Today is a little peek inside how I organize materials and store things for STEM class! It is rather daunting to think about putting all these materials away- and then being able to find things again or quickly!
Welcome to my Summer Series! This is week 5! Wow, the response to this series has been spectacular and today’s post may give you a few more ideas!
Let me assure that I am not claiming any mystical powers for organizing and my ways may not work for you. But, on the other hand, these tips may help you or get you started!
So, let’s get going!
First, and foremost, think about storing your materials in a logical format.
Let me explain.
The lab I use has two entire 30-foot walls covered with cabinets- like a really big kitchen. When I took over the lab all the cabinets and drawer spaces were full. They were full of a huge amount of things, but all of it had been put away in no specific way. Like, a drawer might have latex gloves, foil, and string in it. And a cabinet might have microscopes, balloons, and measuring tapes. Get it? No order whatsoever! Given the number of materials and storage spaces, I knew I was going to need to place things more carefully. So, first I emptied every cabinet and drawer and laid everything out on big tables — in categories.
Then I started to put it all away carefully- in logical categories. Take a look at that photo above. That’s my measurement cabinet. Everything in it concerns some form of measurement- measuring tapes and reels, thermometers, scales of all kinds, rulers, timers, calculators, and more. It makes so much sense! And it makes everything easy to find.
Unless you have ten tons of cabinets….which brings me to #2! Keep reading!
Tip 2 is to keep a written inventory!
At some point when I was putting things away, even though the storage was logical, I knew I had too much stuff! I knew I would never remember where all of it was. So, I started an inventory notebook.
It will seem extreme to you as you read this, but I promise, cross my heart, I have used this notebook repeatedly in the last few years and it has saved me so much time.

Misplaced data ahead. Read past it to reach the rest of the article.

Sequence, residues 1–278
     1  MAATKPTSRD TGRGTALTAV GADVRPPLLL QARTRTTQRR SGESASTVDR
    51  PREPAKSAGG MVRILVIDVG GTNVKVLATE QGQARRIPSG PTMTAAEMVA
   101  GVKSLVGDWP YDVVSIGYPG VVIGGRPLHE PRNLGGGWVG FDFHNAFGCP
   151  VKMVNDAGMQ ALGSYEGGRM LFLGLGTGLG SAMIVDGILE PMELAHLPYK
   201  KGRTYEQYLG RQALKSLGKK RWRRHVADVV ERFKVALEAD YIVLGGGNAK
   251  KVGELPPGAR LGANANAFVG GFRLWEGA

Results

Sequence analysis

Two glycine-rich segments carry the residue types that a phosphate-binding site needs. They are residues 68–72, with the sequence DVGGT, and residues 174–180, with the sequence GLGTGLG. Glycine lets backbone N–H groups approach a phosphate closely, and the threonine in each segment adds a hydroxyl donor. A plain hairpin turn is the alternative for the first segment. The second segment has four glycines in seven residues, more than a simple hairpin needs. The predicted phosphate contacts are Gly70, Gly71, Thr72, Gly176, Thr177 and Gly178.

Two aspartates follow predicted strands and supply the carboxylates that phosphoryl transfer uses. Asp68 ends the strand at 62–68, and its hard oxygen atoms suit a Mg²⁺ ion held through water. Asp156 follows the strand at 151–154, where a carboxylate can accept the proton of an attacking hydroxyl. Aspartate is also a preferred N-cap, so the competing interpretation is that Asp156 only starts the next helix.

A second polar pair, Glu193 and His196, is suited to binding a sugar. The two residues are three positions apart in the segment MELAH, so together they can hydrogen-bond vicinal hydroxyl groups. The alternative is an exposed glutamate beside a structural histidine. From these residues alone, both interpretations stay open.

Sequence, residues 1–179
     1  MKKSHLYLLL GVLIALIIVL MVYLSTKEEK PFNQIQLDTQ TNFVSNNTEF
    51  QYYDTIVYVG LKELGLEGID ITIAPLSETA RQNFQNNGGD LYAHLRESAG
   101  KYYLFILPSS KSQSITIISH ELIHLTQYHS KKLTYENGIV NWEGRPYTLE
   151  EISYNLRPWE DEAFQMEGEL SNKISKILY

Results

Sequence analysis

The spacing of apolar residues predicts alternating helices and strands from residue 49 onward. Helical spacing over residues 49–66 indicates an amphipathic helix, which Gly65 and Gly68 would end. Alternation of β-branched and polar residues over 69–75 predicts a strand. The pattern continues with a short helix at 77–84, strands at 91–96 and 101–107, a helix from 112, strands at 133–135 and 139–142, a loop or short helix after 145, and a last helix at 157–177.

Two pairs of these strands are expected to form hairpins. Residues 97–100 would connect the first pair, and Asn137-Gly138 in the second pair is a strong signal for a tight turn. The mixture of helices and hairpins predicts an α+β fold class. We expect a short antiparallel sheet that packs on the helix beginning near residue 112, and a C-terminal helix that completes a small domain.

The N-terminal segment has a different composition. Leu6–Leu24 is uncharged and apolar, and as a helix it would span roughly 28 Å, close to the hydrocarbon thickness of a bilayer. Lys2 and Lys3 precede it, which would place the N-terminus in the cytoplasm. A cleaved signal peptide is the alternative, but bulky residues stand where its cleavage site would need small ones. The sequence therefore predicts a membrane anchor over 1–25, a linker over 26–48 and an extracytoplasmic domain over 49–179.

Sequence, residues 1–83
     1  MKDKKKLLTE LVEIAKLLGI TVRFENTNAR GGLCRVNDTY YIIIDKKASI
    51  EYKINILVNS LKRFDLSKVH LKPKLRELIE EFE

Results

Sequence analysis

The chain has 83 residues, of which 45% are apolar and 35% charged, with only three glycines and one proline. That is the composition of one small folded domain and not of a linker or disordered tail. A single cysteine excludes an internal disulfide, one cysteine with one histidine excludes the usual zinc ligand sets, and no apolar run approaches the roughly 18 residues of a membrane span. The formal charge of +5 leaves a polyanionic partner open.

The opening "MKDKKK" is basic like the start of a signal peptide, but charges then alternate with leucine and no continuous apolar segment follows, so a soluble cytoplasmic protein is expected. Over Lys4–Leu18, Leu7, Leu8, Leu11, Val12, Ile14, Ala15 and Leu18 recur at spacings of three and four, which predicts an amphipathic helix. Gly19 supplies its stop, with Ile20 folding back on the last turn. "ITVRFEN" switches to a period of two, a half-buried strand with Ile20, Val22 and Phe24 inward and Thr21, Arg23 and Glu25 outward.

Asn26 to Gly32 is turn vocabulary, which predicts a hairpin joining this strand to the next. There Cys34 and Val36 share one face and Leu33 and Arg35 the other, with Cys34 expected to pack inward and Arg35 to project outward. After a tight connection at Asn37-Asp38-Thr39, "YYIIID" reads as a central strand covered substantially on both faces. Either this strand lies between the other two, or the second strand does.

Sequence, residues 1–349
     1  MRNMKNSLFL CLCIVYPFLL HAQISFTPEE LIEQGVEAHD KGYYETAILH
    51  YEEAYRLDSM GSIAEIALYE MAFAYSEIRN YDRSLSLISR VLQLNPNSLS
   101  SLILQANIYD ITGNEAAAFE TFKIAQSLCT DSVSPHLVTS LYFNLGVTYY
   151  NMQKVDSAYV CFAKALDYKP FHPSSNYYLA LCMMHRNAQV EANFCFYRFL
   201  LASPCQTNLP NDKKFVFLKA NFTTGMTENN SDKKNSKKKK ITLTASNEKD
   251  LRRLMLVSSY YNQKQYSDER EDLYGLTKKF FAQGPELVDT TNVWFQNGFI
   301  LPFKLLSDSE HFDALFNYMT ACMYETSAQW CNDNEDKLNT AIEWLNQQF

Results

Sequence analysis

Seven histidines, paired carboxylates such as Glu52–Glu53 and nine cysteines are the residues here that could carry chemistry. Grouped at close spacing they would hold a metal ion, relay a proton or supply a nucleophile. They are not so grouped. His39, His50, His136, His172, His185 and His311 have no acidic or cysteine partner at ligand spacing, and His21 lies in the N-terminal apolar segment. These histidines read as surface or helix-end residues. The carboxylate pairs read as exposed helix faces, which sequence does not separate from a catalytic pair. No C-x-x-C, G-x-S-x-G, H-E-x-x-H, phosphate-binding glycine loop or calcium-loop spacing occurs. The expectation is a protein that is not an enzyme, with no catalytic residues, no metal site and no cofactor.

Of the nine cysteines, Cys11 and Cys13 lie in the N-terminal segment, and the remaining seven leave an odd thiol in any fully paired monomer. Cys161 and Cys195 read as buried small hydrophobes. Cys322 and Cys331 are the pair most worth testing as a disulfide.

First, I labeled all the cabinets, and you can read about that in the next section. Then I listed the contents of every cabinet and drawer in my notebook- by the cabinet or drawer number. But, it occurred to me that this might not help. What if I needed something specific, like a needle. Where would that be? So, I also made an alphabetical listing. So, if I need a needle, I look at the N page and it tells me the number of the drawer where these are stored.
Oodles of time saved and a bonus of this is that I can also check to see how much of something I have before I purchase new things. It was time-consuming to set up, but now it’s a lifesaver.
So, is tip #3. Keep reading!
Label, Label, Label!
Tip 3 is to have a system for storage so you can find things quickly. All of my cabinets are numbered and the drawers are labeled.
This way I can find things so quickly. I can also tell kids- get an extension cord and they know how to locate this easily. Without the numbers and labels your organization or inventory list would be a tad useless or hard to use. Again, I arranged all of these logically. Number 1 starts at one corner and the numbers just travel down one wall and then on to the other wall of cabinets. Drawers are numbered and labeled in case I later change what is inside them. So, have a number or labeling system to help you find things and I know you already know this and do it. The amount of materials in a STEM class makes it a necessity! And storing all of this is next up!
Tip #4 You cannot have enough storage bins.
Seriously, every teacher already knows this, but let me tell you how I came to rely on plastic shoe boxes and dishpans so much. The very first STEM challenge we completed was a real learning experience for me! I never in a million years was prepared for us to NOT complete the activity in one class session. So, here I was at the end of class with half completed structures and used materials and somehow I needed a quick plan for what to do. So, I grabbed those blue dishpans and gave each group one. The kids stored their lab folders in the bins and their partially finished things and then the bins were stored on the shelves of their lab tables. The next week the teams just retrieved their bins and kept working. Try the Dollar Tree for dish pans, but if you need plastic shoe boxes they are better quality and less expensive at Wal-Mart. And you will need these! Trust me on this!
(On a side note, one of the storage drawers in my lab has about 20 hot glue guns in it and you will need these, too! For a while, I stored these in a large zip lock bag, but now I have too many for that!)
Tip #5 is about storing student work folders!
Whether you use folders, composition notebooks, or something else, you are going to need a place to keep these! I have a large metal shelf unit that holds all of our folders in plastic bins. Most of these bins came from the Dollar Tree. I have one for each teacher and the bin holds an entire class set of folders. We use folders because they take up less space than a composition notebook!
Alright, STEM friends, there are some organization tips for you! Come back next week for the last post in this series!
Click on the images below to quickly get to the first 4 posts of this summer series!